Hair Transformations in Media and the Psychology of It

3 min read

Trisha Mohan ’26

Contributing Writer

While aimlessly scrolling through TikTok, it is easy to find a clip of a distraught-looking person, standing in front of their dimly-lit bathroom with scissors cutting jagged, uneven parts of their hair. Maybe even a vicious application of powdered bleach, resulting in not only a patchy copper tone but a burning scalp at two in the morning (an experience I am most certainly not familiar with). Allie Marie Evans, the actress who plays Natalie in Euphoria did this exact thing. Her beautiful blonde bob? That was done with kitchen shears at 1:30 a.m., documented on her various Instagram stories. From celebrities to the general public, many people deal with impulsive decisions about their appearance; however, because of psychology, this is not only normal but understandable. 

These hair changes seem mainly spontaneous; however, there is reasoning behind why our brain chooses to move on impulse, considering that this late-night, arm-straining process has to have some positive effect besides a new look. Doctor Terri Orbuch, a professor at Oakland University, explains the concept of changing your hair after a breakup or emotional stressor. She stated in an article, “Emotional triggers are people, things, objects, places, and hairstyles that trigger you back into the memories and feelings you had in that relationship. So, hairstyles can be one of those things that remind you of the past or your previous relationship.” She ran a study that concluded that those who still long for the past tend to move on slower; thus, people use change to forget it—such as going for a giant chop or a color change. This desire to escape from the past is what causes our impulsive decisions, and it does not only apply to breakups but emotional stressors in general.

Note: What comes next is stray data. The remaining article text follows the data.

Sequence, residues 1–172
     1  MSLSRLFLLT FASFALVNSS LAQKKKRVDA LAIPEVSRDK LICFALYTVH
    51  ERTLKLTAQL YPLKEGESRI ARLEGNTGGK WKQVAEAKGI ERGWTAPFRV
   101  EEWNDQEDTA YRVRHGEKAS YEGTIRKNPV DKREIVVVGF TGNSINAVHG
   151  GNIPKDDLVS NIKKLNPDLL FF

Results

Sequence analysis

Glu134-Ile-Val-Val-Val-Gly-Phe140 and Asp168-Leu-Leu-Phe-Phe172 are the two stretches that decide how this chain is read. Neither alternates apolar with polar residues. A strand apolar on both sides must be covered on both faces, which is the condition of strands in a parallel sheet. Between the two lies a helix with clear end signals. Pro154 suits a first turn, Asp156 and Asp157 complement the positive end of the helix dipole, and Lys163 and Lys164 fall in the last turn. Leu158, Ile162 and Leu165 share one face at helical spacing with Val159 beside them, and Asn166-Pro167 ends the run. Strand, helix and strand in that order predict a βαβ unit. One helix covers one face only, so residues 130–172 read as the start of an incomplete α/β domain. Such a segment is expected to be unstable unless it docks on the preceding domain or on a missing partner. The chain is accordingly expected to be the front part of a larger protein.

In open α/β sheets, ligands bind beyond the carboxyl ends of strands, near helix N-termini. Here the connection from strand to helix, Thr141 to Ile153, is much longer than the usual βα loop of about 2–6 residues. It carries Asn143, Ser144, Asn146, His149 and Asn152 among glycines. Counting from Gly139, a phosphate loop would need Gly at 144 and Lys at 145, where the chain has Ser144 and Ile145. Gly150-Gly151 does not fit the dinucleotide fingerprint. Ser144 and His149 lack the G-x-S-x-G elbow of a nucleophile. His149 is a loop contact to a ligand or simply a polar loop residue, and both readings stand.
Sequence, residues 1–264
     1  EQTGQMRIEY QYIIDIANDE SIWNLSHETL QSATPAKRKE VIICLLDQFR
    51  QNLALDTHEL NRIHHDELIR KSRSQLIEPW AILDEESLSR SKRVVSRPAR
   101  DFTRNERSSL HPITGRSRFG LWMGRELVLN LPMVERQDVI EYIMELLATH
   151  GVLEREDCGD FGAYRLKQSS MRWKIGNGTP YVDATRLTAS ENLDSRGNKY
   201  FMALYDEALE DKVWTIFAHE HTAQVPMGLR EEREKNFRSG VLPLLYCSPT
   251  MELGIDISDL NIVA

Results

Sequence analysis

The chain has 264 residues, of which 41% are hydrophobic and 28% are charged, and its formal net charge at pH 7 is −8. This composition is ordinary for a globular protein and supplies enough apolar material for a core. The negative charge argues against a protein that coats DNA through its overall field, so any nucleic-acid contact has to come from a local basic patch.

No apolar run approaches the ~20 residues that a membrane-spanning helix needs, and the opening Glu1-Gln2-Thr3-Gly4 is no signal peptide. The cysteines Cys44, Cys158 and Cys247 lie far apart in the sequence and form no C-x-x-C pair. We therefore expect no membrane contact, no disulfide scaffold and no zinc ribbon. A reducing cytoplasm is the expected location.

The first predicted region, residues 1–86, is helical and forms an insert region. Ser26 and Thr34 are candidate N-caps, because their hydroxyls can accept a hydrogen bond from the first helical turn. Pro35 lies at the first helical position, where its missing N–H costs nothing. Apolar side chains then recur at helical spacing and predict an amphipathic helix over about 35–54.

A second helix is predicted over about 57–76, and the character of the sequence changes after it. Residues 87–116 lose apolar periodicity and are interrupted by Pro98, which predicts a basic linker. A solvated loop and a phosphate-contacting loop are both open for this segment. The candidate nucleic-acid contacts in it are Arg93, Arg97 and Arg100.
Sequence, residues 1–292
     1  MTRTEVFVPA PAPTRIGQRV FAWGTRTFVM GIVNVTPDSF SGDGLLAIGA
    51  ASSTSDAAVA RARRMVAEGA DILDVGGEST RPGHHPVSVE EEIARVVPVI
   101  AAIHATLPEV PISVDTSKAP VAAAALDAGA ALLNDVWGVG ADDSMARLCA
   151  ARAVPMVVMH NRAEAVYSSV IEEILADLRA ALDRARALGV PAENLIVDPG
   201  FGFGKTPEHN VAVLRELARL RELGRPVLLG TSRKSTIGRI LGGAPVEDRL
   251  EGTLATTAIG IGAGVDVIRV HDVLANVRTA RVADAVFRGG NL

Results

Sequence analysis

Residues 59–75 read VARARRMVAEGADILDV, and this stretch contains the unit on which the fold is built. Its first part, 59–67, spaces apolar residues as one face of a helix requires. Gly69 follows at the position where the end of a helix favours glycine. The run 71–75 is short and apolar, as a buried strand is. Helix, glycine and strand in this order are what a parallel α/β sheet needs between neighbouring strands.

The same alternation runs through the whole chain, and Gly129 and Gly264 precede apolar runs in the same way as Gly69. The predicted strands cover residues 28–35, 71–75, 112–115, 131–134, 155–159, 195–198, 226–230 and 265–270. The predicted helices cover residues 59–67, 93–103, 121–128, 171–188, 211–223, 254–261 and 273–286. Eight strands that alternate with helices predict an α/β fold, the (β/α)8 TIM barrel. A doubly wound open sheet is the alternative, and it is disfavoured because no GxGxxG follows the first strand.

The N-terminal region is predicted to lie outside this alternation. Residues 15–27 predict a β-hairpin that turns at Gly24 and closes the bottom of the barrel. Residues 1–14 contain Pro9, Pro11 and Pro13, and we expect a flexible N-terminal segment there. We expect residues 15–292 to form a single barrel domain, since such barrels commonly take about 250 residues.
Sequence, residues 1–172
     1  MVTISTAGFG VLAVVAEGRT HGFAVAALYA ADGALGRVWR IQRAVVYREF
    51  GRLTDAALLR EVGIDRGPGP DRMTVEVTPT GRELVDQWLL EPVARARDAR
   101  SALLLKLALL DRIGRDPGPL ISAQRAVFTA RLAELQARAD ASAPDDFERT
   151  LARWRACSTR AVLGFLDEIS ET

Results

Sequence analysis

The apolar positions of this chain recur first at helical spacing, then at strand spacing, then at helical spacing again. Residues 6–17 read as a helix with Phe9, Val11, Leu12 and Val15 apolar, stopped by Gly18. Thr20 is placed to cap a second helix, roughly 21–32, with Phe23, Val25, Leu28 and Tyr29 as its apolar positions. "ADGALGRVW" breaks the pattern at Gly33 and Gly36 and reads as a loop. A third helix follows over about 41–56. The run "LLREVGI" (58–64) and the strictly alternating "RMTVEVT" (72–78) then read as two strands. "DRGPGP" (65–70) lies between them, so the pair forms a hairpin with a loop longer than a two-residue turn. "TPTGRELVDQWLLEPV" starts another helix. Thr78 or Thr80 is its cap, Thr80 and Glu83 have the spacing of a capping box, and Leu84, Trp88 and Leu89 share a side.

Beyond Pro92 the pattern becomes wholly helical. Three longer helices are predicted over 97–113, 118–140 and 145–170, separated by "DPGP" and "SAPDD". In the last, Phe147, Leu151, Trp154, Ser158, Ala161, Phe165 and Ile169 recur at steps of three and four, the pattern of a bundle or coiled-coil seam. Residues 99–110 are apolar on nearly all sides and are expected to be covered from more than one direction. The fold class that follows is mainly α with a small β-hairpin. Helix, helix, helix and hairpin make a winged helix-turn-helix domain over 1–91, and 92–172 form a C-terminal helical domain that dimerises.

Now we have gone over why we make the drastic changes ourselves, but why late at night? Briony Leo, a psychologist employed by Relish, a relationship coaching company, has the answer: “Revenge Bedtime Procrastination.” Those countless nights spent staying up late, not doing much but holding off work are very common. However, this is not caused by poor time management skills or laziness, but by busy people trying to find time for themselves during the day. Many times, we have schedules that involve working all day and doing chores, and by the time we should go to bed, we have had no time responsibility-free. Thus, we will stay up late to enjoy time to ourselves and do self-care activities then, such as watching movies or, in this case, dyeing and chopping your hair. 

Dyeing or cutting our hair can be a change used to distract us from the past as a form of self-care and expression or simply a sign of boredom; however, these intense midnight changes are not “abnormal,” they are instead a response to modifications in our lives.

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